Most, if not all countries have maternity leave as written by law, which indicates paid leave and healthcare benefits bestowed to a female worker when she takes off from work after the birth of her child.
In the Philippines, the new maternity leave regulations are provided by the 105-Day Expanded Maternity Leave Law (RA 11212 or EML), which applies to women who work in the public and commercial sectors, the informal economy, the Social Security System (SSS), and national athletes. According to the Act, a woman must have worked as an employee at an establishment for at least 80 days in the previous 12 months in order to be eligible for maternity benefits. The average daily wage for the actual absence period is used to determine how much will be paid during the leave period.
While such an exclusive right is given for rest, it is imperative that mothers make the best out of it. Dealing with a newborn baby and aiding up for self-recovery takes a lot of effort. Hence, here are a few ways you can optimize your maternity leave.
Your Body After Your Baby
Such drastic physical changes come during pregnancy and usually expound after. A woman’s body already undergoes so many phases in the usual cycle of her life, and all these become extra after labor. Most common symptoms and changes are seen in physical appearance but emotional shifting strikes a huge impact, too. Postpartum discomforts are common after labor and these vary from woman to woman. It is important for a mother to learn and reflect about her own discomforts; in that way, she is able to discern how to carefully go through it before it takes a toll on the physical, emotional, and mental well being of herself and the people around her.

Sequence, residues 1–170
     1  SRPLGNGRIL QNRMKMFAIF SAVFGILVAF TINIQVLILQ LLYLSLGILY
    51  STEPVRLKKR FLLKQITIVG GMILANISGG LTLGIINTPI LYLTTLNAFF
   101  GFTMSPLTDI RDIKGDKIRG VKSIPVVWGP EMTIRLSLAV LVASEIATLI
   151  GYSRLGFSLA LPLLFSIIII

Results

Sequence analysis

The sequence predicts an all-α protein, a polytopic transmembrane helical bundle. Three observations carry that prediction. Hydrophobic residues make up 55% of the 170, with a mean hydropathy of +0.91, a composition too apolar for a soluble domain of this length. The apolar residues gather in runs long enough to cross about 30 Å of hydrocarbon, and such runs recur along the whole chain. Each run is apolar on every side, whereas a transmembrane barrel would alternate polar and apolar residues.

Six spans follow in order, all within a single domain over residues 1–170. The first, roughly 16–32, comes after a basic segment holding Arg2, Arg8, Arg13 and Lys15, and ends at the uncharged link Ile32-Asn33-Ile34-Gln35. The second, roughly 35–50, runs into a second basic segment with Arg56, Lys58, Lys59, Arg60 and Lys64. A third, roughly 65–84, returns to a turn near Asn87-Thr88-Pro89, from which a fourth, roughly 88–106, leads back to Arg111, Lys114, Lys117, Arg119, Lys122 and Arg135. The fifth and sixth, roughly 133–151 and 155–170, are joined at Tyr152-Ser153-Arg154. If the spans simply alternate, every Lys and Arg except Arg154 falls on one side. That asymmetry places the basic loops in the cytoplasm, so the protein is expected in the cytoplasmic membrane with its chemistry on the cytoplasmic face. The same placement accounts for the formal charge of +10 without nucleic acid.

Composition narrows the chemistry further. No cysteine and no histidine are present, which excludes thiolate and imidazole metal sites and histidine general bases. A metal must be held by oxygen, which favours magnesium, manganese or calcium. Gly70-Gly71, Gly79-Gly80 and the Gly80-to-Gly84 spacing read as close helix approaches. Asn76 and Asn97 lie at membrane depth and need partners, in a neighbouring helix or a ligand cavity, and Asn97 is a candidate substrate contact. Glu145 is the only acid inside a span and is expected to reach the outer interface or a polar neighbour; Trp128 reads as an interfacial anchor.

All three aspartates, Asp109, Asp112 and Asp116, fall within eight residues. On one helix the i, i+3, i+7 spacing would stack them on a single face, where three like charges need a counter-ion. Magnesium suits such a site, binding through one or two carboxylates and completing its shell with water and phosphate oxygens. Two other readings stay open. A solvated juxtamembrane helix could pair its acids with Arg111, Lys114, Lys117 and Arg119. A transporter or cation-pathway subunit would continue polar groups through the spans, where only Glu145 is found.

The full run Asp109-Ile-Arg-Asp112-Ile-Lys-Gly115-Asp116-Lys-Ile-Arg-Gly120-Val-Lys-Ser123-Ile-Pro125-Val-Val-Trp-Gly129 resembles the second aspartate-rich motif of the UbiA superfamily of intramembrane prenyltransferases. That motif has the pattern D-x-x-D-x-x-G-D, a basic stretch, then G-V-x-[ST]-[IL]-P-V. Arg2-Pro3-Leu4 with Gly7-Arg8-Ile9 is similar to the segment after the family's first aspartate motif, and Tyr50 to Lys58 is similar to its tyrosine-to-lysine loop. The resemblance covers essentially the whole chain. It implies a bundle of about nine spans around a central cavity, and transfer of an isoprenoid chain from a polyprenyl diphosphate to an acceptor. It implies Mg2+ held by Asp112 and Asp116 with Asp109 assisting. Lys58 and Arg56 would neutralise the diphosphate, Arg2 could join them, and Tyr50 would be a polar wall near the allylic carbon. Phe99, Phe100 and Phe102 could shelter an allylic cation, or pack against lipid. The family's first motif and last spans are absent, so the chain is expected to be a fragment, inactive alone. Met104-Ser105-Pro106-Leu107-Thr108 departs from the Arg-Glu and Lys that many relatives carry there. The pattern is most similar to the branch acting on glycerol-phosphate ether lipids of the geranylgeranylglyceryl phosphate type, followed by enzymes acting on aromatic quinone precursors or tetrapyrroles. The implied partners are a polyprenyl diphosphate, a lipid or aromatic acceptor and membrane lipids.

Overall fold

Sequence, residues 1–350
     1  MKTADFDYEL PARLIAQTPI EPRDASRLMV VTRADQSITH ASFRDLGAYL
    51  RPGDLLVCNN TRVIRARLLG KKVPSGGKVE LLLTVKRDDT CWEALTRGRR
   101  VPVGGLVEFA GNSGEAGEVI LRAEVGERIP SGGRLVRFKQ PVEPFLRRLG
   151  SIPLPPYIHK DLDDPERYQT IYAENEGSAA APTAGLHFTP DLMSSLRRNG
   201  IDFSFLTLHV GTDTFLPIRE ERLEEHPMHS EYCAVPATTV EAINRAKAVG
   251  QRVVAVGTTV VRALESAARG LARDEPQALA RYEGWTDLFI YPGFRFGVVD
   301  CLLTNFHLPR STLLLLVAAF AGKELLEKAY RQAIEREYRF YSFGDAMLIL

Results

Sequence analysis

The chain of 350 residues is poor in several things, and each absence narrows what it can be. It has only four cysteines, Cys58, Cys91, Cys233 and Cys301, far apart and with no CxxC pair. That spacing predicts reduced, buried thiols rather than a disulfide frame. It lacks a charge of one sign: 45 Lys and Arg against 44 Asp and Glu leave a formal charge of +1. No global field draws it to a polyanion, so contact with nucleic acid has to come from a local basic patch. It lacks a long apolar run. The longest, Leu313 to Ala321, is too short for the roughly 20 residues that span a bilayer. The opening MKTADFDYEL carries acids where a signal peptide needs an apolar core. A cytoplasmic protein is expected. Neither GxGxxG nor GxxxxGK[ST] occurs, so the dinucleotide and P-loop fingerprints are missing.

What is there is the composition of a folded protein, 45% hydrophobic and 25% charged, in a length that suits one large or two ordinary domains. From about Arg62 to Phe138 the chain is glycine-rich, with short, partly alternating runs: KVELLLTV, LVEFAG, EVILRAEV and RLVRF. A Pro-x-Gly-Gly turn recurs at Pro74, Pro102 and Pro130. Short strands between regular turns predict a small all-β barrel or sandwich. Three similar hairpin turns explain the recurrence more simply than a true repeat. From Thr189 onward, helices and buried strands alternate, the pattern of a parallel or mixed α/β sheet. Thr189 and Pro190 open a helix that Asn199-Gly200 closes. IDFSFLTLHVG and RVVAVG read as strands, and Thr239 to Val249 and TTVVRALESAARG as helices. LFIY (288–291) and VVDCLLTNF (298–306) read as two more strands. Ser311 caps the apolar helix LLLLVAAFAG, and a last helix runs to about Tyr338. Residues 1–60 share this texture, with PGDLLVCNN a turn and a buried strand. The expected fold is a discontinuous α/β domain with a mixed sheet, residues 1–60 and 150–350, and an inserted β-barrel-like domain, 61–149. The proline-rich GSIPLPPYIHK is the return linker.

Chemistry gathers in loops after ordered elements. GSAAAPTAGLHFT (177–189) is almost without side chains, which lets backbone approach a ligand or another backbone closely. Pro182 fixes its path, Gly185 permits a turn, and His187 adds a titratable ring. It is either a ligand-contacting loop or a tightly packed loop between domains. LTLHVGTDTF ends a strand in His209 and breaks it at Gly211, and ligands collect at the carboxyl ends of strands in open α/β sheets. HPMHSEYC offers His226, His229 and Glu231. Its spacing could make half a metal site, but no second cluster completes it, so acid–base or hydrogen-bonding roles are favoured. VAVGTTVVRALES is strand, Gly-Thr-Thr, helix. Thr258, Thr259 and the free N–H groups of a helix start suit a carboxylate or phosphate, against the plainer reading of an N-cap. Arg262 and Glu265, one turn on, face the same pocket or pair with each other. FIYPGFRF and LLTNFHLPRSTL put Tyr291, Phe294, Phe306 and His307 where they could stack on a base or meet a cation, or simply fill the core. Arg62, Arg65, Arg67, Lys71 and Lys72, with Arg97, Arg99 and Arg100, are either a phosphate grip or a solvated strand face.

Here are some of the common things a newly-turned mother may experience after birth and how she can optimize her maternity leave to aid for it:
Following a vaginal birth, pelvic or perineal pain and discomfort are normal. This is due to the force exerted which tires out the muscles and extracts the bones. The time it takes for these symptoms to go away depends on how much swelling or tearing there was. Here are ways to lessen discomfort:
- Ice packs
- Warm baths
- Anesthetic spray
- Wound exposure
C-section mothers typically stay in the hospital for up to five days following delivery. There, nurses encourage them to get up and move around within 24 hours after being admitted to the hospital. Moving can hasten the healing process, but moderation is key. When they are discharged, doctors usually give them the truth about how soreness and discomfort may last until 2 weeks after labor. Here are things you have to be reminded of:
- Do not stretch and carry heavy stuff
- Ask your doctor for pain relievers prescription
- Get enough rest and sleep; stay in line with baby
- Follow proper breastfeeding positions recommended
- Drink plenty of water and avoid sweating all the time
Your body eliminates the blood and tissue that were inside your uterus after you give birth to your child. This is referred to as lochia, or vaginal discharge. It is thick, bright crimson, and may have blood clots during the first few days. The flow becomes lighter in color and less frequent with time. You might experience discharge for a few weeks, maybe even a month or longer. Here are some tips in dealing with it: